For the first few years, Addink and Gardner worked other jobs and plowed any earnings back into the business. Addink worked for the University of Nebraska as an irrigation engineer with the extension service. He later left the university to devote more time to his investment in the sod farms, and to work as an irrigation consultant.
Addink?s irrigation consulting work included stints in Libya, Brazil, Egypt, Saudi Arabia and Yugoslavia.
Over the years, Addink and Gardner started twelve sod locations in Colorado, Nebraska, Texas, New Mexico, California and Nevada. After 21 years, they parted company and split the farms between them, with Gardner?s farms becoming Gardner Turfgrass. Addink added four more farms, and A-G Sod Farms continues to be one of the largest growers in the U.S., with eight locations: the original farm in Colorado, one in Las Vegas, and six in California.
Irrigation was always Addink?s focus. About 15 years ago, while working with water districts, he realized that water, especially water used for irrigation, was going to be in short supply. He began toying with the idea of a simple, weather-based controller.
Over the past seven years, relying on his team of managers and his son Joel to run the sod farms, he pursued his interest in water conservation. One way to do that was to take the guesswork out of the hands of the homeowner or small business property owner. Addink had worked with moisture-sensing devices as well as evapotranspiration (ET), and decided that ET was a more accurate way to go. If he could make an ET controller simple and reasonably accurate, he knew there would be a demand for it.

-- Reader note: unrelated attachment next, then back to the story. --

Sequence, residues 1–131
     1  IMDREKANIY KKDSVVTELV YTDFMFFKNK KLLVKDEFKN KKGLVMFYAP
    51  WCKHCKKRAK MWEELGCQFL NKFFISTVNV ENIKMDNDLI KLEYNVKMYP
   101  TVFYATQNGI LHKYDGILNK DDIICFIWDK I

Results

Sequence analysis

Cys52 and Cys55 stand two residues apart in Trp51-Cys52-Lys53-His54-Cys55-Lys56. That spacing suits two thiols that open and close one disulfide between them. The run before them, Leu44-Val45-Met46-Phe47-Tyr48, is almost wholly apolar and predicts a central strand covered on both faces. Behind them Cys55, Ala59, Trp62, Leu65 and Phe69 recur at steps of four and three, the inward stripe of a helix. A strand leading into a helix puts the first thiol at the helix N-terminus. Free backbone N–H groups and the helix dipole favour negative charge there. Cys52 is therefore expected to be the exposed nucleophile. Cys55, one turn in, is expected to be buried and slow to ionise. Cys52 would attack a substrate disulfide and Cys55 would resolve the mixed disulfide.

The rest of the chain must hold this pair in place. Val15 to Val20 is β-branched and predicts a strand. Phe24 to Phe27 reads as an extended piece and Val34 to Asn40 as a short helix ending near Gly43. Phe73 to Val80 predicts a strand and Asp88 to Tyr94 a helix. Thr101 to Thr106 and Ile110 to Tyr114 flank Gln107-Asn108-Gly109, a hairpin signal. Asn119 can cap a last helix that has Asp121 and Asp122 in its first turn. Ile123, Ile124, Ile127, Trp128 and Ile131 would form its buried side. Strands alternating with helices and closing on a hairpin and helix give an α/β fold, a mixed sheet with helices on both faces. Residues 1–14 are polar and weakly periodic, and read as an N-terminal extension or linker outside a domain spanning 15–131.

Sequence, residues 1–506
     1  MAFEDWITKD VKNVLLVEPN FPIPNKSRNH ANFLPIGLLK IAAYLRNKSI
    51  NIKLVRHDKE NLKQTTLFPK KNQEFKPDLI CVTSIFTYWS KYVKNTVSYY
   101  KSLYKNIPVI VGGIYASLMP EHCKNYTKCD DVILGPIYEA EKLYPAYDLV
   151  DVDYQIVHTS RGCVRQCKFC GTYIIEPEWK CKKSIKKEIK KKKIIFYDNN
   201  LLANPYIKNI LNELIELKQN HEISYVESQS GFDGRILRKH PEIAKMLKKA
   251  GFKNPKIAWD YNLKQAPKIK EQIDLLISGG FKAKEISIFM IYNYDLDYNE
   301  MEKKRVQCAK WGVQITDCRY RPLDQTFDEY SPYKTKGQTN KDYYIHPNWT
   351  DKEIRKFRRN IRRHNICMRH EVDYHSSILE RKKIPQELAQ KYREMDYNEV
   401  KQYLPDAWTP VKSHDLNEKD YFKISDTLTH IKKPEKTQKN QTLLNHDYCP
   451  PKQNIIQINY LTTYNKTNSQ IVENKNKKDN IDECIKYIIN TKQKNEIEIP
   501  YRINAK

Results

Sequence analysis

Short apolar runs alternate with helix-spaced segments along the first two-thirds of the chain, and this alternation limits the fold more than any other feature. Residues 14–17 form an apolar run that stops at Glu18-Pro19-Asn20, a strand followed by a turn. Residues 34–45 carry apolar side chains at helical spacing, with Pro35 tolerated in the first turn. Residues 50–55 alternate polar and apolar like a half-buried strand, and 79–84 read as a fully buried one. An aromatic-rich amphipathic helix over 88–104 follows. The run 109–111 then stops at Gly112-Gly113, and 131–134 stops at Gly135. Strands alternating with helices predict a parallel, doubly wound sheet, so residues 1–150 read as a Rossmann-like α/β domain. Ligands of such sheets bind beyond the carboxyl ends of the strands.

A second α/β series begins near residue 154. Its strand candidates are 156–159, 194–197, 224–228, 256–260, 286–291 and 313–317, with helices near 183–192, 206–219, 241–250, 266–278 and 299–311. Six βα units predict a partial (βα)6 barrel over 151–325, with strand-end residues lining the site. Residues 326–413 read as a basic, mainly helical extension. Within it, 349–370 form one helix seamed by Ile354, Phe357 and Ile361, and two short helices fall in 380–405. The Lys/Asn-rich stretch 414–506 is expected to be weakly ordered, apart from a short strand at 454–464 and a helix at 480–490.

Was it restlessness or foresight that started Addink on to the next move? In addition to working with charitable causes, he formed a new company called Aqua Conserve, to develop and produce a residential stand-alone ET controller. Some of the patents that were granted have been applied to this line of controllers.
Addink had a daunting task?getting the contractor and general public to buy into the benefits of ET. His educational background and experience provided the credentials, and he knows, in his heart, that ET controllers can be one of the tools that will conserve tremendous amounts of water.
Unpretentious, Addink is a man of vision. He saw the future of sod, and helped pioneer a market niche. He sees the future in
water conservation, and is continually seeking ways to meet the challenge. With a twinkle in his eye, John Addink knows he?s making his contribution to the world.
The second of nine children, Addink was raised on a small farm in Hospers, Iowa. As with many entrepreneurs, he was restless at a young age. After his freshman year in high school he dropped out, only to return after becoming bored with working on the family farm.
Following his high school graduation, Addink went to Calvin College in Grand Rapids, Michigan. It was there that he first met Betty; they married in 1960, and have three children and eight grandchildren.
He completed two years at Calvin College and then transferred to South Dakota State University, graduating with a degree in agricultural engineering. He then took a job with the Soil Conservation Service in Michigan.
After his stint with the Soil Conservation Service, Addink enrolled at Michigan State University, where he earned a master?s degree in agricultural engineering. He then signed on with the Bureau of Reclamation in Denver, Colorado, where he worked in the earth dam section.
However, this only lasted six months. Addink recalls, ?They put me behind a drafting board?it wasn?t for me.? Anxious to further his career, Addink moved to Denver and took a job in irrigation sales, where he worked on straight commission. ?If I didn?t sell anything, I didn?t make any money.?
But the entrepreneurial bug bit again, and Addink went into the watering business. He sub-contracted work from highway contractors to wet the soil for optimum compaction. He sold this company and went into business making center pivots, which he sold to farmers. A year and a half later, Addink sold the center pivot business and went back to school. He attended Colorado State University, where he received his Ph.D in irrigation engineering.
Addink met Al Gardner when they worked in the watering business. The two of them, along with a local farmer, decided to start a sod farm. In 1968, they began to farm four acres in Fort Collins, Colorado. They opened a second farm in Nebraska, then a third, and began to grow the business. The company was called A-G Sod Farms.